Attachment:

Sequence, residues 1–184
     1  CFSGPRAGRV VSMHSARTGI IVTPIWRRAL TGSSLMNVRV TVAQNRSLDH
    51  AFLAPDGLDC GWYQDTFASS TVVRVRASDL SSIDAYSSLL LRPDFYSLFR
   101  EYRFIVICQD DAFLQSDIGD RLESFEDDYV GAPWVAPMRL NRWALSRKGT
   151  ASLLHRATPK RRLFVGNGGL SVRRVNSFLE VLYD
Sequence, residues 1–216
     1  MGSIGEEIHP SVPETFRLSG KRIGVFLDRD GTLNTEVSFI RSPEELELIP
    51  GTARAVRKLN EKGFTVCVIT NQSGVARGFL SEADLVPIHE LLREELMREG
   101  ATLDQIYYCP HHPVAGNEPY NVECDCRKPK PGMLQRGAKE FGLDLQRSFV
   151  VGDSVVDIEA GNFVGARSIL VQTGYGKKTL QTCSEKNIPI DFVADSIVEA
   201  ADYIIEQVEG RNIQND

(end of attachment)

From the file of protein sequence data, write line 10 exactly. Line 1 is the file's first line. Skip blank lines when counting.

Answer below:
   151  VGDSVVDIEA GNFVGARSIL VQTGYGKKTL QTCSEKNIPI DFVADSIVEA